DOWNTOWN — After an affidavit detailing sordid allegations against embattled Ald. Danny Solis was finally unsealed by a federal judge, the veteran alderman asked for privacy as he continues to cooperate with the feds in an ongoing corruption investigation.
The Chicago Tribune won a court case to unseal the document detailing a federal investigation against Solis. The document had been sealed in 2016 by U.S. Magistrate Judge Young Kim to protect the secret investigation. But an error accidentally left it exposed online briefly, and the Sun-Times grabbed a copy and began reporting the explosive allegations within it.
The Tribune’s lawyers argued that “the proverbial cat is out of the bag,” and the documents should be unsealed.
Following the Tribune’s court victory, the Sun-Times published the affidavit in full.
On Wednesday, Solis’ attorney Lisa Noller said the outgoing alderman “could not comment on the allegations against him or on those contained in the recently unsealed affidavit” because he was cooperating with the federal government in an ongoing investigation.
“We ask that you respect Mr. Solis’ privacy,” Noller said in a statement.
She then detailed Solis’ resume as a public servant.
“From his early years as a high school teacher, to running the Pilsen Neighbors Community Council, to representing the city of Chicago’s 25th Ward as alderman for 23 years, Danny Solis has proudly spent his career as a public servant. Mr. Solis has decided to cooperate with the federal government to continue to serve the city of Chicago’s best interests,” Noller wrote.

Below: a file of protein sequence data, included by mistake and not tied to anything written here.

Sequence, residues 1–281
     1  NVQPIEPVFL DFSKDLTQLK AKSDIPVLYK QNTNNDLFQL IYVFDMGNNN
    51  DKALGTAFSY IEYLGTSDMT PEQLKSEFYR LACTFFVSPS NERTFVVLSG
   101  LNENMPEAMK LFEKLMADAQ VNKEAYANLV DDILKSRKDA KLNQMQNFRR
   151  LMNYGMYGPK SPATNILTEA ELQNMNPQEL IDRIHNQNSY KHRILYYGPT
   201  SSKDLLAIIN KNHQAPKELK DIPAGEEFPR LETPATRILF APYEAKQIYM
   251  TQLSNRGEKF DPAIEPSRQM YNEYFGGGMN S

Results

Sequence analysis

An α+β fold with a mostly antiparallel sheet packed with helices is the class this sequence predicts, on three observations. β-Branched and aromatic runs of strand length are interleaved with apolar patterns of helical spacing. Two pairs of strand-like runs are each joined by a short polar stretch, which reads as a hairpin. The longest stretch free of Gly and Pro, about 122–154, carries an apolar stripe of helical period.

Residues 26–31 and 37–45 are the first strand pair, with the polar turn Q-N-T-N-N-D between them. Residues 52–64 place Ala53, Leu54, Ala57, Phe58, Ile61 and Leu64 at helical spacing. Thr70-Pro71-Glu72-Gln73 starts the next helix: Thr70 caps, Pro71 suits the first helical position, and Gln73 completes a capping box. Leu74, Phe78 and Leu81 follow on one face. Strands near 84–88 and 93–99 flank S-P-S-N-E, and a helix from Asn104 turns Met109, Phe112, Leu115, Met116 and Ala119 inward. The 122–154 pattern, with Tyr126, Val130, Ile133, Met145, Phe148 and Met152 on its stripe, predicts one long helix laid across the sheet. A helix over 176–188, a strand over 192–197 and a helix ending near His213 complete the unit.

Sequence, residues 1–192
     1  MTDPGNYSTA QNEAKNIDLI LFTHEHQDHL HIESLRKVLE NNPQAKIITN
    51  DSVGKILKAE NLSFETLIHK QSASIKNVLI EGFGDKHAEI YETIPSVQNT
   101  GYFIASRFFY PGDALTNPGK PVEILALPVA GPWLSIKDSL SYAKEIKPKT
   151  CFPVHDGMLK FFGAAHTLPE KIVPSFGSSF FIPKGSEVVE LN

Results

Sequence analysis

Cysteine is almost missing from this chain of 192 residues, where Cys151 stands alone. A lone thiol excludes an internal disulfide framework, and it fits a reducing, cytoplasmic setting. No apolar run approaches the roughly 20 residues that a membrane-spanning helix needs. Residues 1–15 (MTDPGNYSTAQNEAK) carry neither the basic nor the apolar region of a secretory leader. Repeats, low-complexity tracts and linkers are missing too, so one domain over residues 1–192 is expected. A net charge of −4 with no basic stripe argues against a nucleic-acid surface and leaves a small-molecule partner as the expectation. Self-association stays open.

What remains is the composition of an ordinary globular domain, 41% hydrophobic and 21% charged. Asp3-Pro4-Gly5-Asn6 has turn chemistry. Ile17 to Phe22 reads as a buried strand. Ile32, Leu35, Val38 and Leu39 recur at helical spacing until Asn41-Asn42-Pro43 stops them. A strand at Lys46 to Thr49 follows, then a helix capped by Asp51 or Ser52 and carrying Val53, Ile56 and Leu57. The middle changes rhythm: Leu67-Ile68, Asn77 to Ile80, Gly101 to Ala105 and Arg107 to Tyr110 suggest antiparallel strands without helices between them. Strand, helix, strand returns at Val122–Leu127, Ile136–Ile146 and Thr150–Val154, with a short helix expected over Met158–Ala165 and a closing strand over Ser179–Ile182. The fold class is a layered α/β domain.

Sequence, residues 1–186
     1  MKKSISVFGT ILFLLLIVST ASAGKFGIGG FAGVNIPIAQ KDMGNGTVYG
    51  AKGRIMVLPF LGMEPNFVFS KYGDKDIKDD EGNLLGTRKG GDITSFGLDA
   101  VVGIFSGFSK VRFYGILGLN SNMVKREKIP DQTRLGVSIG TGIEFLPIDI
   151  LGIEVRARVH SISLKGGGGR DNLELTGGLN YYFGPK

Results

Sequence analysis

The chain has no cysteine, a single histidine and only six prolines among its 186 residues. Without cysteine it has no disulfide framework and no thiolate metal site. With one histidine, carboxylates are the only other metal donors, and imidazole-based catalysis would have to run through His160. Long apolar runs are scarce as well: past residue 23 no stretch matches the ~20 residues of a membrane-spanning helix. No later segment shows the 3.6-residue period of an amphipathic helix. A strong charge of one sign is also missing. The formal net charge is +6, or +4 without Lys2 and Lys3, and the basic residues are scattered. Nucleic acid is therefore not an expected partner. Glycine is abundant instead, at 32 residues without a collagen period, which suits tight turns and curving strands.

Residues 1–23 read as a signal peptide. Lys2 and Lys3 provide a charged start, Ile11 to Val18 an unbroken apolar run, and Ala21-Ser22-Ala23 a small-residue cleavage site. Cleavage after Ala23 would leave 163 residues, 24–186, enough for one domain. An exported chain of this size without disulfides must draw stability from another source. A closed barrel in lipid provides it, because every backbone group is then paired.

Noller said Solis, who has missing from City Hall and his ward since January, plans to finish out his term and “is in regular contact with his staff, who continue to service constituent needs and requests and consult with him regularly.”
She did not answer Block Club’s questions about Solis’ whereabouts or whether he plans to return to City Hall or his ward before a new alderman is sworn in, in May.
In January, the Sun-Times released a bombshell report revealing Solis wore a wire in a federal investigation against fellow Ald. Ed Burke (14th), who was re-elected despite facing attempted extortion charges.
The 120-page federal affidavit the Sun-Times obtained alleged Solis received sex acts at massage parlors, the erectile dysfunction drug Viagra and campaign contributions in exchange for ushering deals through City Council. In total, the feds listened to 18,000 of Solis’ private calls.
And the sweeping federal investigation doesn’t end with Solis and Burke. The FBI also recorded Illinois House Speaker Michael Madigan — long revered as Illinois’ most powerful politician — trying to get business for his private law firm from a developer brought to him by Solis.
In another report, Victor Reyes, former head of the powerful Hispanic Democratic Organization, complained Solis wasn’t sending him business like four other aldermen — Joe Moreno (1st), George Cardenas (12th), Ricardo Munoz (22nd) and Roberto Maldonado (26th).
Despite the damaging reports, Solis has not been indicted or charged with any wrongdoing.
This is a developing story. Check back for updates.
Do stories like this matter to you? Subscribe to Block Club Chicago. Every dime we make funds reporting from Chicago’s neighborhoods.